The development of perturbations or errors is considered during periods of observed Northern Hemisphere blocking. The evolution of initial onset-of-blocking mode perturbations is studied using a two-level tangent linear model with time-dependent basic states taken from observations in the first half of November 1979. During this period a blocking high formed in the Gulf of Alaska between 5 and 12 November followed by decay and the subsequent development of a block in the North Atlantic. Initial baroclinic wave train perturbations, with large amplitudes stretching from East Asia into the central Pacific, propagate eastward as they grow and become equivalent barotropic. Large-amplitude large-scale perturbations form over the Gulf of Alaska as the observed block amplifies. Subsequently, downstream development occurs with rapid amplification of the perturbation near the east coast of North America followed by the formation of large-scale tripole anomalies in the blocking region over the North Atlantic. As the Gulf of Alaska and North Atlantic blocks amplify, there are close similarities between the simulated anomalies and dominant normal mode instabilities of the instantaneous observed flows. The inverse problem of what are the precursors to a given observed or specified forecast error is examined. Anomalies are specified as equivalent barotropic normal modes or similar structures with large amplitudes in the Gulf of Alaska. The precursors are smaller-scale wave train disturbances emanating from the East Asia-west Pacific sector. The sensitivity of the precursors to the structure of the prescribed error in the blocking region is examined and condition numbers for the propagator are calculated.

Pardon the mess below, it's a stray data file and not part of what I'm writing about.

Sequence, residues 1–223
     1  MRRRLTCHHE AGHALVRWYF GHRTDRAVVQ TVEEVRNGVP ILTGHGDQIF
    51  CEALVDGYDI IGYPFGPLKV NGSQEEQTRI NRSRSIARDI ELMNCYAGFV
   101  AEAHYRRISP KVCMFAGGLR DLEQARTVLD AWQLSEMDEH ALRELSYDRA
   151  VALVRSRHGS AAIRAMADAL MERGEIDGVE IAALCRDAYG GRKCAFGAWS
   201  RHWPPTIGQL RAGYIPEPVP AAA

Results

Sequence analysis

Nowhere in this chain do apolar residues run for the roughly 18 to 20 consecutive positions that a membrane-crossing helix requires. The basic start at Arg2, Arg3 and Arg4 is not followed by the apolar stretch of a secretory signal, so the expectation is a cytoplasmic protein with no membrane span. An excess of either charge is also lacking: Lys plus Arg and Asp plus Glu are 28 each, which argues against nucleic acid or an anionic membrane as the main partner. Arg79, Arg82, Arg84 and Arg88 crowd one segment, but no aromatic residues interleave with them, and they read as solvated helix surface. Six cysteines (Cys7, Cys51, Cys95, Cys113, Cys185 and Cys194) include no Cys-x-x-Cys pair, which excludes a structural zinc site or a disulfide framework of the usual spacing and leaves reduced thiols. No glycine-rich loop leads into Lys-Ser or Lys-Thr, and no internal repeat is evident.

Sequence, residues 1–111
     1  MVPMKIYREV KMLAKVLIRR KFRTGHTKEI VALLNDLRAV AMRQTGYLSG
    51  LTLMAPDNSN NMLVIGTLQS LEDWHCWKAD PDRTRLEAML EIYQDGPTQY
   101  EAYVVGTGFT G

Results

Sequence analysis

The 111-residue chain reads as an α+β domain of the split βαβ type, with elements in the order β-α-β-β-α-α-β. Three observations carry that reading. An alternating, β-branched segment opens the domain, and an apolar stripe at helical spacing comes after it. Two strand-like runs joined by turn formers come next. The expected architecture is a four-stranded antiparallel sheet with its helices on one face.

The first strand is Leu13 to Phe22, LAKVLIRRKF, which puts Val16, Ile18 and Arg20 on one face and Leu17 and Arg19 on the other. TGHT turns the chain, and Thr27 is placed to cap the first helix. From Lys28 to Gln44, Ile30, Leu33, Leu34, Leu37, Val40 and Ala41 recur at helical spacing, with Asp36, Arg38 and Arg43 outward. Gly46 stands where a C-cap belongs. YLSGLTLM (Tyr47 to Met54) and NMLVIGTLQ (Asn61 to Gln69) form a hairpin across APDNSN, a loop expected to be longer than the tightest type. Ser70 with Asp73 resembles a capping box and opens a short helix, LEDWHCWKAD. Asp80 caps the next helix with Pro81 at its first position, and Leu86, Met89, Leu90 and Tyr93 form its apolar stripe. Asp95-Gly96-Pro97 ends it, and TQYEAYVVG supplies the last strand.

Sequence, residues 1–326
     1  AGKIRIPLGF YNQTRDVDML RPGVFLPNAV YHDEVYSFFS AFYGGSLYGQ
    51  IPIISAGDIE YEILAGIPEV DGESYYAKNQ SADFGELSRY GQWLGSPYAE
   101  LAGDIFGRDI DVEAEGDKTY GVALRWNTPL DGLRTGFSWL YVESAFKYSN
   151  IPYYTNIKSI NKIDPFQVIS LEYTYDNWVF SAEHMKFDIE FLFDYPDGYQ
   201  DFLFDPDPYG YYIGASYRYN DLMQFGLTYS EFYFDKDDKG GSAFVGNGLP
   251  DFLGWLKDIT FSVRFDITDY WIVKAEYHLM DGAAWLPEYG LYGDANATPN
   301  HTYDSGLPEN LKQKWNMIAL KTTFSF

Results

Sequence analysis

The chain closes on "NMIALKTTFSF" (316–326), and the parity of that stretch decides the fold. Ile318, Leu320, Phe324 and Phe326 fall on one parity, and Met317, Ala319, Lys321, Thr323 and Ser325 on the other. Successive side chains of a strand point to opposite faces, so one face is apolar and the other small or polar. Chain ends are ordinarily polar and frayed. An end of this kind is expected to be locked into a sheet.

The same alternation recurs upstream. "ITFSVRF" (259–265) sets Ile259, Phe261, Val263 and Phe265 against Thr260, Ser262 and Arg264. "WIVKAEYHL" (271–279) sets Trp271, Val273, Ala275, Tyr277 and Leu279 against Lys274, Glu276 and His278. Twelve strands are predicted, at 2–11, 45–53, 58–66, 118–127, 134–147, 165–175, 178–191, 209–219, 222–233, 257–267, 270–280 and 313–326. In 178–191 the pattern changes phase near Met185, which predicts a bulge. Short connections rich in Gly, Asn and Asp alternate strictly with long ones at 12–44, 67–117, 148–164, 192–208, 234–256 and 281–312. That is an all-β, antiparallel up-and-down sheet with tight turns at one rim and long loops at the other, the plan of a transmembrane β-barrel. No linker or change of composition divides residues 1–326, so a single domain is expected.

|Number of pages||18|
|Journal||Journal of the Atmospheric Sciences|
|Publication status||Published - 15 Jul 1998|